In the afternoon of that same day, the 7th of October, 1571, the Pope was walking about his room, listening to the relation by his treasurer, Mons. Busotti de Bibiana, of various businesses committed to his care; the Pope suffered terribly from stone, and as usually the pain attacked him while seated, he had to receive and to do his business standing up or walking up and down. He stopped suddenly in the middle of the room and put out his head in the attitude of one listening, at the same time making a sign to Busotti to be silent. Then he went to the window, which he threw open wide, leaning out, still silent and in the same listening attitude. Busotti on seeing the face of the old Pontiff suddenly transfigured, his tearful blue eyes turned to heaven with an ineffable expression, and his joined and trembling hands raised; Busotti’s hair stood on end as he understood that something supernatural and divine was happening, and thus he remained for more than three minutes, as the same treasurer afterwards declared on oath.
Then the Pope shook off his ecstasy, and with a face radiant with joy, said to Busotti, “This is not the time for business. Let us return thanks to God for victory over the Turks.”
And he retired to his oratory, says Busotti, stumbling, and with beautiful lights coming from his forehead. The treasurer hastened to acquaint the prelates and Cardinals with what had happened, and these ordered that at once a record should be made, noting all the circumstances of time and place, and that it should be deposited, sealed up, at a notary’s office. On the 26th of October a messenger from the Doge of Venice, Mocenigo, arrived in Rome, to announce the victory of Lepanto, and three or four days later the Conde de Priego, sent by D. John to give an account of the details of the battle.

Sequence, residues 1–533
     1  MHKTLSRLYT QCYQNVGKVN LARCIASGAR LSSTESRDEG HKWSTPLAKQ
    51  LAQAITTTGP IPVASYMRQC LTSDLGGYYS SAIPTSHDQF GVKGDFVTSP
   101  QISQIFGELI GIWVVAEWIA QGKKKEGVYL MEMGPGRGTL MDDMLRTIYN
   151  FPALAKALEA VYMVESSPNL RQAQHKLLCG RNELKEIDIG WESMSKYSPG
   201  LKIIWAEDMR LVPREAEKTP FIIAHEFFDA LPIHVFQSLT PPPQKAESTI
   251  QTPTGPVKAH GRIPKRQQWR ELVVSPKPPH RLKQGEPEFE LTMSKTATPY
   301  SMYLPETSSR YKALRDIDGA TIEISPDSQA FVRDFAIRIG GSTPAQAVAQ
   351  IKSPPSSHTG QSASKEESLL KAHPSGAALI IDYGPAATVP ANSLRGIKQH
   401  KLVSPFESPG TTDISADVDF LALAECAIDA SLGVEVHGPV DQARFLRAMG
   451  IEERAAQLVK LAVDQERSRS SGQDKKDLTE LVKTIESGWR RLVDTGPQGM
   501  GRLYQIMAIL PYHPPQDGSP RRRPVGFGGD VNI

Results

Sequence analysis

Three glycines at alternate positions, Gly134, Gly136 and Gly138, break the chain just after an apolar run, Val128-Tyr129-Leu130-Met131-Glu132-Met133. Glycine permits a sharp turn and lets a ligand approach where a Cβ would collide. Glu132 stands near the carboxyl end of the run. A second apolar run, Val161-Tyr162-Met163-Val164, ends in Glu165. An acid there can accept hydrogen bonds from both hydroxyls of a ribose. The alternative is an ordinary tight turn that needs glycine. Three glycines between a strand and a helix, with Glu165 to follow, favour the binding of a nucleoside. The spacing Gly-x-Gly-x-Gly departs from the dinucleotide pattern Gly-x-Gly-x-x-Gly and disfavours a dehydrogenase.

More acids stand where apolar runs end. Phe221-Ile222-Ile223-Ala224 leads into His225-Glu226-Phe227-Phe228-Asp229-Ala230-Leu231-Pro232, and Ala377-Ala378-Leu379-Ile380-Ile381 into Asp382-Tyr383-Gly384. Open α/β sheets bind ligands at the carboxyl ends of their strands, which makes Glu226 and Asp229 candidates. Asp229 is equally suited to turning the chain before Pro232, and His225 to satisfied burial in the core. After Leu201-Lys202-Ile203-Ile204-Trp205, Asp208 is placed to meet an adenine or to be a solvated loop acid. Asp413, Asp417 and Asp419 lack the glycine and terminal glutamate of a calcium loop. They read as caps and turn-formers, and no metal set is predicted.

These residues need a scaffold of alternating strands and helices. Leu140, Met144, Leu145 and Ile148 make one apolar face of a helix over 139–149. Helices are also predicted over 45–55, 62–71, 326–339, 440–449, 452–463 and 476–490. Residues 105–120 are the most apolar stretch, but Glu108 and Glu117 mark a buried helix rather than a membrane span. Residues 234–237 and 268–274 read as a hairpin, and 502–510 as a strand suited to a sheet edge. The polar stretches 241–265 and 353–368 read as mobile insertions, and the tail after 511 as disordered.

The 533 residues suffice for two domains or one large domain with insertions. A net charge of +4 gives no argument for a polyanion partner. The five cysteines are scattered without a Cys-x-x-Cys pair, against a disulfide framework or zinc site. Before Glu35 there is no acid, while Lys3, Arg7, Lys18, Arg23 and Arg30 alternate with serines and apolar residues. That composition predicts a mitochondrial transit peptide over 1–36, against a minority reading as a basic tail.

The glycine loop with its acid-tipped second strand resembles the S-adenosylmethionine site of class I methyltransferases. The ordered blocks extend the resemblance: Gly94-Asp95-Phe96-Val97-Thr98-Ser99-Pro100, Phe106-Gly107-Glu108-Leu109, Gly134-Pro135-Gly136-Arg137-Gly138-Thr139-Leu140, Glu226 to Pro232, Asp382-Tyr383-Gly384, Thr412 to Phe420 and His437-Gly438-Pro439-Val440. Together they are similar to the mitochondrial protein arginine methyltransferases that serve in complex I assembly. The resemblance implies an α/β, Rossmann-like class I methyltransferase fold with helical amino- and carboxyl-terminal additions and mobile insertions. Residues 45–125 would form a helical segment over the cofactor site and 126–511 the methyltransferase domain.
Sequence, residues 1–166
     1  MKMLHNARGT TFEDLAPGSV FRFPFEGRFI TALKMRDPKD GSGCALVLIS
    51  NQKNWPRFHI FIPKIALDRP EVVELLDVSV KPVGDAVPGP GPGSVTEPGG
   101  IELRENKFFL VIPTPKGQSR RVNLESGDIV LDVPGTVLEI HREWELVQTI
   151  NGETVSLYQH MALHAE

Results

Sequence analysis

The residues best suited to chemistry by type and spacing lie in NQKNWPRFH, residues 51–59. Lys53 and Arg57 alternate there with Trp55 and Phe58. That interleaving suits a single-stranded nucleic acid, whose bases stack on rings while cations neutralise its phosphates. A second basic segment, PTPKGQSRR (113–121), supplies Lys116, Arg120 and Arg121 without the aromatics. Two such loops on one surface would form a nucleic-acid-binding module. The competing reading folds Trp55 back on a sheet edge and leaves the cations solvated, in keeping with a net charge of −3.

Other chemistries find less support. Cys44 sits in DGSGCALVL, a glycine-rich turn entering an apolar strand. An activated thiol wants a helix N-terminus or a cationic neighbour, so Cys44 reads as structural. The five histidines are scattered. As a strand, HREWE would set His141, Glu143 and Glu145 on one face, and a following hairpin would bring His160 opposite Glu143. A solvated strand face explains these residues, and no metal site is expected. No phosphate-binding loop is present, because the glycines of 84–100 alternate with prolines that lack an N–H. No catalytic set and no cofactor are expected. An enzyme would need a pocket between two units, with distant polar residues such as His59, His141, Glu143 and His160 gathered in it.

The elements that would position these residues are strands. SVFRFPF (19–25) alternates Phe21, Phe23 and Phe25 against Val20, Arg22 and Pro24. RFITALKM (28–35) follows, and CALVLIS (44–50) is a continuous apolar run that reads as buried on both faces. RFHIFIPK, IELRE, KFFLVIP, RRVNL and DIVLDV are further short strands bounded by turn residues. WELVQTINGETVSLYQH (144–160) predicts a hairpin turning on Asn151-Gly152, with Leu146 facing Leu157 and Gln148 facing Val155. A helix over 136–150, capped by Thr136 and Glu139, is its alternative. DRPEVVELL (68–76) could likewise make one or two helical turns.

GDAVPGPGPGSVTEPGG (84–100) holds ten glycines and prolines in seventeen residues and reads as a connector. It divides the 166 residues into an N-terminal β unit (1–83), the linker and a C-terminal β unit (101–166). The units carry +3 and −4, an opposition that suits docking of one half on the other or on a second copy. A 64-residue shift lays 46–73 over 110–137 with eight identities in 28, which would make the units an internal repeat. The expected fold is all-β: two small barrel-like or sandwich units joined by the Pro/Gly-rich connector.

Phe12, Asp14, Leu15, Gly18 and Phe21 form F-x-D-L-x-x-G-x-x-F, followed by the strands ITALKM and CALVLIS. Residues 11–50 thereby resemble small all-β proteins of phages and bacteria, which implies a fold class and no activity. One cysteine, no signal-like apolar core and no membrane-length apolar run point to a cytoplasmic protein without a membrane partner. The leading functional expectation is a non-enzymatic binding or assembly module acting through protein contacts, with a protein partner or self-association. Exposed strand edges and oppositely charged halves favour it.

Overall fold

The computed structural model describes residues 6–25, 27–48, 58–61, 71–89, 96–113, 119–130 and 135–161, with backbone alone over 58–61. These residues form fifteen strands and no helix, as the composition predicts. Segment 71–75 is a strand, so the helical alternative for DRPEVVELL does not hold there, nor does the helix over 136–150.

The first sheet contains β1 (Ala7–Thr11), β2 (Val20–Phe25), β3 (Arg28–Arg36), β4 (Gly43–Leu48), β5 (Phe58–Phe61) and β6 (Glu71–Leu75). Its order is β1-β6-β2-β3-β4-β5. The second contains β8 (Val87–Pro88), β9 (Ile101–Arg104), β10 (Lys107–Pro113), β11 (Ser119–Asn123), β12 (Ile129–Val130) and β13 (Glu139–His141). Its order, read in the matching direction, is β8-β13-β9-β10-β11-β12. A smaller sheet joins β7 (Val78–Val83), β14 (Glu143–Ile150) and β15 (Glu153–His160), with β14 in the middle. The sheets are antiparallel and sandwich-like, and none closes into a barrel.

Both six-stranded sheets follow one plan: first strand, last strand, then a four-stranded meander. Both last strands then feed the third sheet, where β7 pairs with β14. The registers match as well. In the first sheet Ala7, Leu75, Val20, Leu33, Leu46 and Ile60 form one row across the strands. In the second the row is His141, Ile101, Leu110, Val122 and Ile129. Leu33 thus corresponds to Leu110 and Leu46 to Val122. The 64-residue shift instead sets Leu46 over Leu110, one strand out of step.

Then they made a calculation, allowing for the different meridians of Rome and the Curzolari Isles, and they found that the Pope’s vision announcing the triumph of Lepanto took place exactly when D. John of Austria jumped, sword in hand, from the quarter-deck to drive back the Turks who were invading his galley, and when the “Sultana” was being attacked on the side and at the stern by the Marqués de Santa Cruz and Marco Antonio Colonna. Then they gave much importance to this event, and it afterwards figured with all its proofs and documents in the proceedings of the canonization of Pius V, from which we have taken them.
Rev. Fr. Luis Coloma, The Story of Don John of Austria, trans. Lady Moreton, (New York: John Lane Company, 1912), pp. 272-273.
Short Stories on Honor, Chivalry, and the World of Nobility no. 15